Every year, millions of Canadians take part in this campaign by attaching the poppy to their clothes. I do not wear the poppy, or donate to the RCL, because I believe that this campaign glorifies war instead of calling for peace. I believe that it is of the utmost importance to remember past wars and the soldiers who took part in them, but I remember these things quite a bit differently than how the RCL would like you to remember them.
We've learned an incredible amount about how governments scheme, conspire, collude, connive and lie, both to each other and to the people who elected them. Which is why my nomination for the next Nobel Peace Prize is WikiLeaks and its three great whistleblowers -- Julian Assange, Bradley Manning and Edward Snowden.
What Angelina Jolie and Michael Douglas have in common is that both are using their celebrity status to bring attention to the very realistic threat of cancer. For now, we must rely on celebrities to get the public's attention about important health threats. Both celebrities have provoked discussion, but where do we go from here?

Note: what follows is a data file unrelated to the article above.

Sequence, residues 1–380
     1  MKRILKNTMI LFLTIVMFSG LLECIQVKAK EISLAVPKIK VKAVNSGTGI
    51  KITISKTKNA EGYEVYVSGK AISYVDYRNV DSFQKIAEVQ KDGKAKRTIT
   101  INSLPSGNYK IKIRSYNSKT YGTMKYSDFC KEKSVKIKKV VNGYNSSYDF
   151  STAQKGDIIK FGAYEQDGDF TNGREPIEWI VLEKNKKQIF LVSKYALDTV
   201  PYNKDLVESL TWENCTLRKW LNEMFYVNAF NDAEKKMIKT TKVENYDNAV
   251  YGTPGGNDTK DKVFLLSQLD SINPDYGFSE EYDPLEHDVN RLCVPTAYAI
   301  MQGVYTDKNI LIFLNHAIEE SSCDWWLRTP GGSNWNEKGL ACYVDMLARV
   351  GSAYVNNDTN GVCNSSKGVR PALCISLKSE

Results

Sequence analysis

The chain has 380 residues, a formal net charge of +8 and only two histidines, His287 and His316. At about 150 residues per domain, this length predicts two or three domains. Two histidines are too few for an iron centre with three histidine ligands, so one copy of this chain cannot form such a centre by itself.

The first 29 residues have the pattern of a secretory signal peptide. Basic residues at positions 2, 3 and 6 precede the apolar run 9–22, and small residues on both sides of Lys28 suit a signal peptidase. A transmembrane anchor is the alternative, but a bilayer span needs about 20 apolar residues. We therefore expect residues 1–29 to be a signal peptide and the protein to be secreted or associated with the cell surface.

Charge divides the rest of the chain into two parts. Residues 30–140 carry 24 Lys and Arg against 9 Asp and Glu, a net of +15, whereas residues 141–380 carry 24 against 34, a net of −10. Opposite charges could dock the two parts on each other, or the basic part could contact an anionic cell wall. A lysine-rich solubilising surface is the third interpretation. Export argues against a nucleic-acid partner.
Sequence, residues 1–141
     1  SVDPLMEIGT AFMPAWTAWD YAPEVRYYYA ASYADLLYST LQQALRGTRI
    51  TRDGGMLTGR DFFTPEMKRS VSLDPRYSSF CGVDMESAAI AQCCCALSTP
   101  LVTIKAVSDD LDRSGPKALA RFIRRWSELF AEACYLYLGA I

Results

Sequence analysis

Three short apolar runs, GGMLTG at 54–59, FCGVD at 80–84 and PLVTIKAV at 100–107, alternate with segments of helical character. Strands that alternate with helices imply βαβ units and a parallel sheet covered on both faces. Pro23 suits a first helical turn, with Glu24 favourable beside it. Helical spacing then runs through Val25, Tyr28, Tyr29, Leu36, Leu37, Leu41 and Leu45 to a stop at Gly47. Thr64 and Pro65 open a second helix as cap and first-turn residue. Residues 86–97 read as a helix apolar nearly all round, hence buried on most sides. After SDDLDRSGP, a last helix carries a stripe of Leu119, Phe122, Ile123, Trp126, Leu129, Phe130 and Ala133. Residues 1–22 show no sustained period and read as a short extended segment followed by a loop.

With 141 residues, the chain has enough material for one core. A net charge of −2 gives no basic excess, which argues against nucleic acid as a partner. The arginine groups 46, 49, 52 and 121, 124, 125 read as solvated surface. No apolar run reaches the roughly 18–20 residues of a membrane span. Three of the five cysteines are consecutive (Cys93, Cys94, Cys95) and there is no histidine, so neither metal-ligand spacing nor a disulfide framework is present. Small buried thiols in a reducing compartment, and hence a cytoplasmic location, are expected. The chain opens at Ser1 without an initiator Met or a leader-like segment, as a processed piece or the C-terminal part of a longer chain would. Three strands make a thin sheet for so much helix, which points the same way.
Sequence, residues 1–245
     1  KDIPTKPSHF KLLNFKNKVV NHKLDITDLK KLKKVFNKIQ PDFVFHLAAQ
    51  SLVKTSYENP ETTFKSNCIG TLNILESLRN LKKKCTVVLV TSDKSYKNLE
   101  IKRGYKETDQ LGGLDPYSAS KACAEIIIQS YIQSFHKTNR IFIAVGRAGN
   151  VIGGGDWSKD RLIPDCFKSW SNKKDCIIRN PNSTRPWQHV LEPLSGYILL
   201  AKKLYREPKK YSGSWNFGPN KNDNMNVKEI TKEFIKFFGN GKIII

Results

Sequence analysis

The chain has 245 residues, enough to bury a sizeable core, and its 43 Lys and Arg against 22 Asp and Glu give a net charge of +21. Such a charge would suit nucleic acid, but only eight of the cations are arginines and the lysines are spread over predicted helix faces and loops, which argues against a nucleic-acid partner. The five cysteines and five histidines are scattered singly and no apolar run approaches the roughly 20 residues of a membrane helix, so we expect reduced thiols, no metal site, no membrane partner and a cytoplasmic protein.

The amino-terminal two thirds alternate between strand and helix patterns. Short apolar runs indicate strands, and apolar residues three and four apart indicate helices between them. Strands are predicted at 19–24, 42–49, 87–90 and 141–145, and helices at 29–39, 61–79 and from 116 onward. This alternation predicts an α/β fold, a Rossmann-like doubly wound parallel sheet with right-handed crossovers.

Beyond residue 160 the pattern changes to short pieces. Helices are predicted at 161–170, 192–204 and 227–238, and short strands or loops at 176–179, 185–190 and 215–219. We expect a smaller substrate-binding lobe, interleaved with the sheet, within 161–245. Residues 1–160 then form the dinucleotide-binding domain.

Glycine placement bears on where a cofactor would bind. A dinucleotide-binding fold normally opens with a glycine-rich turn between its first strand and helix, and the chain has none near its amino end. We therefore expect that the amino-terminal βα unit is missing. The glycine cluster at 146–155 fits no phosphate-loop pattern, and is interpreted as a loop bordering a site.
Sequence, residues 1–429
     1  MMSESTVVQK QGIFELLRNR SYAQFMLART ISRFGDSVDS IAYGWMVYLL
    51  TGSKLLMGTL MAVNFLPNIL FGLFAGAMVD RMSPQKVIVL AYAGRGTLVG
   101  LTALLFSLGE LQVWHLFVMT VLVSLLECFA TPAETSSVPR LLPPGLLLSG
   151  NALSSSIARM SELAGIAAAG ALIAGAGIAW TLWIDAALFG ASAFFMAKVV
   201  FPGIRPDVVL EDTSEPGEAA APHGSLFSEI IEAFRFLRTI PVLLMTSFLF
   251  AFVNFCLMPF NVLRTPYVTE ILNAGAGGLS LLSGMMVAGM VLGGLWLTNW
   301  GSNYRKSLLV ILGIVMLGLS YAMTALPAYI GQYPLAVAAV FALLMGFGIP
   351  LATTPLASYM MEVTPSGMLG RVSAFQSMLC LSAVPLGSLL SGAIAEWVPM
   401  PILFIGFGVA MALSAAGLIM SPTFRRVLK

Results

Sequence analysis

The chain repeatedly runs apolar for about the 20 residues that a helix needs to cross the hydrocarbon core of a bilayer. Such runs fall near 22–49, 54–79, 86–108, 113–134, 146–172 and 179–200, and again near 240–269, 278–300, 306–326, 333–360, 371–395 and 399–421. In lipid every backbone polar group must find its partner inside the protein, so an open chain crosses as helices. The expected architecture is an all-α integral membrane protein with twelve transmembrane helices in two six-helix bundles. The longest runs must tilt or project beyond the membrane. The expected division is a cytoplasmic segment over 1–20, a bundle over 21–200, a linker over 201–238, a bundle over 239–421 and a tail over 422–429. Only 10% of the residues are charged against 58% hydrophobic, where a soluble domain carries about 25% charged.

It seems that Greece is finally headed in the right direction and with Canada's support and the tireless work of ambassadors, the country's crisis may indeed eventually be overcome. However, the Greek government must continue its reforms in order to prove that it is worthy of this international trust.
It is once again university acceptance season. And for a growing number of Canadian grade 12 students, the letters and e-mails include offers of admission from U.S. colleges and universities in addition to the usual array of Canadian schools. But does it actually make any sense for a Canadian to go to a U.S. university?
On December 2, poet Suli Breaks posted a spoken word video titled "Why I Hate School But Love Education." Breaks' video certainly does have some positive elements but his argument is flawed in many ways. He reduces a post secondary education to something which takes place solely in the classroom. Regardless of what Breaks believes, school can foster education beyond the traditional methods.
MONTREAL - Canada likely faces slower economic growth even if the United States manages to avoid default on its debt or a credit rating downgrade, economists said Wednesday.
The U.S. government's need to cut spending by between US$2 trillion and US$4 trillion over a decade would delay its recovery and drag down Canada's rebound because the two economies are so closely linked.